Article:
a visual, physical, perceptual, developmental, cognitive, or learning
disability. The free, downloadable plug-in for Microsoft Word will
convert Open XML-based word processing documents into DAISY XML,
technically referred to as DTBook. DAISY XML, or DTBook, is the
foundation of the globally accepted DAISY Standard for reading and
publishing navigable multimedia content. The DAISY XML that is generated
is the marked up file that can then be processed to produce DAISY Digital
Talking Books and other accessible formats. This "Open XML to DAISY XML"
converter will be one of several authoring and conversion options that
produce DTBook. The development will be hosted on SourceForge. "Save As
DAISY XML" creates a DAISY XML file (DTBook) which requires further
processing to become a DAISY Digital Talking Book (DTB). This additional
processing may be accomplished using a number of commercial and open
source conversion and production tools. More Information See also the NISO press release Click Here

Friday, November 16, 2007

IBM's Hosted Symphony: Will Anyone Listen?

IBM appears to be getting ready to offer its Lotus Symphony suite as a
hosted application, competing directly with Google Apps and Microsoft's
Office Live. Does IBM's entry into the on-demand desktop application
space signal trouble for Office? Microsoft's Office Live strategy is
still primarily focused on small business, for groups of 10 or fewer
users. It's not an enterprise-changing play. Microsoft's enterprise
applications on demand are more in the form of services, not desktop
tools -- Exchange and SharePoint, for example. IBM started giving away
Symphony for free in September, following a similar path to Sun's with
StarOffice, though is admittedly not the same thing as
Sun's commercial release. The chances, however, of a free Symphony
desktop suite displacing Office in the corporate world are close to nil.
And while a hosted version might be interesting to organizations still
using Lotus Notes, it's doubtful that it would upset anyone's applecart,
aside from Google's efforts... In a corporate environment, there's
concern over capturing workflow for compliance and the security of an
Internet-based tool -- which can be solved by hosting internally. But
if you're hosting it internally, you're really just solving one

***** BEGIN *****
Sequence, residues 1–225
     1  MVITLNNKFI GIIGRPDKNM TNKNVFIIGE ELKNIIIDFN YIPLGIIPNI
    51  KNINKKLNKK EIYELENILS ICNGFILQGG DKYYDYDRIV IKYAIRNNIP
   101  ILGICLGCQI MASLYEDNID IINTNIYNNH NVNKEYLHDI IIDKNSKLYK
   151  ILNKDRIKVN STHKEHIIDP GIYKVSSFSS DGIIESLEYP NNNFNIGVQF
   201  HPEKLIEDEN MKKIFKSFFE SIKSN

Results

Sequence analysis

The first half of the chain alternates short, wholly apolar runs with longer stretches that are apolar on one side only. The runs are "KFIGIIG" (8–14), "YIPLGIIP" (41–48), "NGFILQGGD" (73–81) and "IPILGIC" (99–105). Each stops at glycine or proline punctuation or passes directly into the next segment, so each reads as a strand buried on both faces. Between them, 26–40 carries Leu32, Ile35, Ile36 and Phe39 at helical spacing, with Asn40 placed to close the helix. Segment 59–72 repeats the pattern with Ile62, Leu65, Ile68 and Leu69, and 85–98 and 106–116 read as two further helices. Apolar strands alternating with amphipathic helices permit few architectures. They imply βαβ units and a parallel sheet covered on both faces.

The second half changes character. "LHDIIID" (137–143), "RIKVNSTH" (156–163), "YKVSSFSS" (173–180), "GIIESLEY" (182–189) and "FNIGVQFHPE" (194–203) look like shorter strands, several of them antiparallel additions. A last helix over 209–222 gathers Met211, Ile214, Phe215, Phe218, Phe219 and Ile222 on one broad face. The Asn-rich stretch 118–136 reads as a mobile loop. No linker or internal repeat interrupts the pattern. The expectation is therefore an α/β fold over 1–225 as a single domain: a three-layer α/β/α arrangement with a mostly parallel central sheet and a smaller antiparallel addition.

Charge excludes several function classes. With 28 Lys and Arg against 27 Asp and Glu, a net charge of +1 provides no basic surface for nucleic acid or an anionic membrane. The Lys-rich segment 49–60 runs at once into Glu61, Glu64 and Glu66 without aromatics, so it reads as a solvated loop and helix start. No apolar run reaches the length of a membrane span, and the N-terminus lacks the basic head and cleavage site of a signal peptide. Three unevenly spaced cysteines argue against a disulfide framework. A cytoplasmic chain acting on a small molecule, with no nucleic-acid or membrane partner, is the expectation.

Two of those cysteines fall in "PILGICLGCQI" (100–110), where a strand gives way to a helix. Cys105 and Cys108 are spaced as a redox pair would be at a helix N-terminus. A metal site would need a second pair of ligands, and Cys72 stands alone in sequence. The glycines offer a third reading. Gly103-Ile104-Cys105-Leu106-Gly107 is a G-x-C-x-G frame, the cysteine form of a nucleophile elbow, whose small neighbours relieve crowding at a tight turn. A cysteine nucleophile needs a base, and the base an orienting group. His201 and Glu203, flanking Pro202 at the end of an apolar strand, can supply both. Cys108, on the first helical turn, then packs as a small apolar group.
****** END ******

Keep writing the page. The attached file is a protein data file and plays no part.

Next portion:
problem -- software distribution -- and trading it for another set.
Now, you've got to manage the servers, deal with network bandwidth
demands as XML traffic goes up, and shift your storage needs from
network shared drives to server-side storage. That's not to say there
isn't anything interesting about hosted desktop applications. Hundreds
of organizations are already using hosted applications -- through
desktop virtualization via Citrix and Terminal Server.

Web Services Hints and Tips: JAX-RPC versus JAX-WS, Part 5

Java API for XML-based RPC (JAX-RPC) supports the SOAP with Attachments
(Sw/A) specification, while Java API for XML Web Services (JAX-WS)
supports Sw/A along with the new Message Transmission Optimization
Mechanism (MTOM) specification. The attachment model for JAX-RPC is
Sw/A. Since JAX-RPC was written, a new attachment model has come onto
the scene: MTOM. JAX-WS provides Sw/A support just as JAX-RPC does, but
adds support for MTOM. JAX-WS supports MTOM via the Java Architecture
for XML Binding (JAXB) specification, which includes APIs for marshalling
and unmarshalling both Sw/A and MTOM attachments. In this article the
author examines both models through examples. This tip compares only
the WSDLs and the Java programming models; comparing the wire-level
messages is left as an exercise to the reader. JAX-RPC supports the Sw/A
model. JAX-WS supports Sw/A as well, but it has also stepped up to the
new MTOM model. MTOM is an improvement upon Sw/A in a number of ways:
(1) Everything necessary to create a Java interface is now available
in the WSDL interface; (2) MTOM is usable in a document/literal wrapped
WSDL; (3) MTOM allows optimization to attachments, but it doesn't force
attachments like Sw/A does.

Additional XML Security Uniform Resource Identifiers (URIs)

This document expands and updates the list of URIs intended for use
with XML Digital Signatures, Encryption, Canonnicalization, and Key
Management specified in RFC 4051 (April 2005). These URIs identify
algorithms and types of information. XML Digital Signatures,
Canonicalization, and Encryption have been standardized by the W3C
and by the joint IETF/W3C XMLDSIG working group. All of these are now
W3C Recommendations and IETF Informational or Standards Track documents.
All of these standards and recommendations use URIs (RFC 3986) to
identify algorithms and keying information types. This document is
a convenient reference list of URIs and descriptions for algorithms
in which there is substantial interest but which can not or have not
been included in the main documents for some reason. Note in particular
that raising XML digital signature to Draft Standard in the IETF
required remove of any algorithms for which there was not demonstrated
interoperability from the main standards document. This required
removal of the Minimal Canonicalization algorithm, in which there
appears to be continued interest, to be dropped from the standards
track specification. It was included in RFC 4051 and is included here.

Open Source and Messaging's Future

This article presents a conversation with Art Botterell, national
expert in warning systems and former FEMA official. When Art Botterell